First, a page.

Yesterday I dropped off my employment application at two stores. One being Home Goods and the other T.J. Max. What an interesting experience.
The store manager at Home Goods was professional and explained the hours, what was expected of me, reviewed the application, thanked me for coming in and informed me that the hiring manager would be in contact with me for an interview.
The second place, T.J. Max, the manager was not pleased. She reviewed my application and stated that I had a great deal of people experience, but no retail. Her attitude was markedly different and frankly, I don't expect to receive a phone call from her hiring manager. The manager's final words were, retail is a busy environment. I informed her that I had no problem with this concept.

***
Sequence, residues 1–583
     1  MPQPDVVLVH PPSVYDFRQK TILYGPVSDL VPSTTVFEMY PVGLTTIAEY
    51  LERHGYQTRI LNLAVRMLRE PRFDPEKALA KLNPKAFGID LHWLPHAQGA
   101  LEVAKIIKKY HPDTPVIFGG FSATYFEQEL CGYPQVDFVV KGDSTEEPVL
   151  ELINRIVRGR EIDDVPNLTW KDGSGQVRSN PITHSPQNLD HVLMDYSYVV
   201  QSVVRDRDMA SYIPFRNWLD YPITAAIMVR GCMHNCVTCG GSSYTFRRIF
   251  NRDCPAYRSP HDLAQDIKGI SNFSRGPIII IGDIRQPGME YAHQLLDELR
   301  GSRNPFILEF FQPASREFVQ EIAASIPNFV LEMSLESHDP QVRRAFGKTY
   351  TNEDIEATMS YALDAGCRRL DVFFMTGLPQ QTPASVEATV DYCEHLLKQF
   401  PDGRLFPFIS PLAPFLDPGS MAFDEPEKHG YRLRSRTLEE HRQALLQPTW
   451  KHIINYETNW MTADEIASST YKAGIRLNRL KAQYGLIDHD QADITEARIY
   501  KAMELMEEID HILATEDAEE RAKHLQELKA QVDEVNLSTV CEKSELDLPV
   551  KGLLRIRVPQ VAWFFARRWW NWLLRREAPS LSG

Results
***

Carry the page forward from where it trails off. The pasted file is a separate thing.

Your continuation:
What was troubling, she had no clue about my work history, although I listed what I had done. Her assumption about me were wrong. As a property manager you are on call 24/7 and invariable things go wrong weekends and late night in addition, it is never just one thing but several maintenance problems or people issue at once.
Which brings me back to a book called "Up the Organization," written by Robert C. Townsend and Warren Bennis. The book is still relevant minus a few needed updates.
One thing I learned being a manager, we hire people that reflect our work ethics. A sentiment that was brought home again being interviewed by the local T.J. Max store manager.